ABM Rapid Fire: John Arnold, VP of Marketing Sales & Business Development at Intelligent Demand
These days, it seems like everyone who is anyone in the modern marketing world is talking about Account Based Marketing (ABM). But there’s a big difference between “talking about ABM” and “doing ABM.”
We’ve been living and breathing ABM for a while now, and met a lot of brilliant people along the way, which is why we are putting them in the hot seat to answer ABM’s most asked questions.
For this episode, we wanted to tap one of our own – John Arnold, VP of Marketing, Sales, and Business Development here at Intelligent Demand. John is a veteran B2B marketer, author of some pretty compelling ‘For Dummies’ books, and industry-leading expert on everything account based.
Here is how John tackled our ABM Rapid Fire:
ID: Why do ABM pilots fail?
When ABM pilots fail, they fail for two main reasons. First, most B2B sales cycles are long and marketing teams struggle to show marketing influence and leading indicators until an actual sales opportunity is created. Second, the sample size is too small in most ABM pilots and the results can be dramatically positive or negative depending on how many companies and which types are targeted during a pilot. There are ABM pilot models that address both of these issues, but most marketers are unaware of them because ABM at scale is still such a new strategy.
ID: Who do I need on my team to make ABM work?
There are basically five different ABM team models. Two of them work for small to midsize companies, two of them work for large companies, and one model works for midsize businesses or small business units inside of a large company. The differences have to do with the effectiveness of the team in different organizational structures. For example, if you work in a large company with a very matrixed marketing and sales structure, you’ll make very different choices about the roles and talent profiles than if you work in an organization with very centralized sales and marketing functions. You should only make changes to your organization that match the size of the company and the revenue model maturity of the team that is responsible for ABM.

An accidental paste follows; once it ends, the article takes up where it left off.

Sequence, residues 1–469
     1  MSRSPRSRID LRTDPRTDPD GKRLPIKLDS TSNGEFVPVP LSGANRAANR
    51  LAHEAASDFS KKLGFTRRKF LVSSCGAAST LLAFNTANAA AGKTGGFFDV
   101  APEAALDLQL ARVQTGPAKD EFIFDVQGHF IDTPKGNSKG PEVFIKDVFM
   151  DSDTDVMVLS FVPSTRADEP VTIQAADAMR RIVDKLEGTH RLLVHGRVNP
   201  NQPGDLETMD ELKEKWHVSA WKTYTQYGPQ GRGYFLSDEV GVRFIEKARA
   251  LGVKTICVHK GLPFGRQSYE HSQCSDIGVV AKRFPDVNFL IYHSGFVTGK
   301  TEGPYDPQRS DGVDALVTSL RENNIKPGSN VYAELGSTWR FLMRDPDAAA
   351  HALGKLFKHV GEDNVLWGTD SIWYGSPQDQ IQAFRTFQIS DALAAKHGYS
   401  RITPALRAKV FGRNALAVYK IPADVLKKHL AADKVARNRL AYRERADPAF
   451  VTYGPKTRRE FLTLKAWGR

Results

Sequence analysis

ID: How do I build synergy between my internal teams to encourage a cohesive approach toward ABM?
Alignment has various levels of maturity. At the beginning, it’s typical for marketing, sales, business development, and customer success to agree on goals, definitions, metrics, and activities. But agreement on what to do and how to do it is only the first step toward aligning. Teams need to continue aligning by being transparent, sharing the same business results, and openly negotiating trade-offs between resources and budgets to do what’s best for the company’s revenue growth.
ID: Say I’m a modern marketer who wants to move from lead-centric to account-centric marketing. What’s the first thing I should do?
You should not completely stop the lead-centric marketing and you should not create a separate team to run a bunch of small proof of concept campaigns either. You should make a firm commitment to transforming to the new and better model, and then put together the strategy and plan for running both strategies in parallel while migrating over to the account-centric model over a reasonable period of time.
ID: How do I discover multiple Demand Units in each of my target accounts?
Marketing and sales should work together to identify target accounts using intent signals from the business internet. Once companies have been identified, marketing can launch “always-on” media coverage and focused campaigns while sales navigates each organization on a persona level to connect with influencers and decision makers directly.
ID: What are the ABM-reporting must-haves?
The big difference between ABM reporting and Demand Generation reporting is taking a look at changes in behavior on a company level in addition to reporting on individual engagement with particular campaigns. The most important ABM reports have to do with leading indicators and engagement changes throughout a sales cycle. Traditional marketing reports are like driving while looking at the rearview mirror, and they tend to only try to measure campaign influence at the top of the funnel on a first-touch, last-touch, or multi-touch basis. A solid ABM reporting framework includes measuring, on an account level, all the touches during a sales cycle from changes in purchase intent to target account penetration to awareness to account engagement and purchase intent. ABM reporting is a bit more difficult to master, but it also solves many of the attribution challenges that have plagued marketing teams for decades.
Want to ask your own questions?
If you want to learn more about leveling-up your account based strategy in 2019, get in touch – we’d love to help!
If you live in Denver, Chicago, San Francisco, Toronto, New York City, or Boston – you can meet our team in person. We’re teaming up with Demandbase and TOPO for a North American ABM workshop tour that will give attendees the opportunity to learn from the leading ABM practitioners and service providers in the country and hear from the brands already succeeding with an account based approach.
Find your city and register now!
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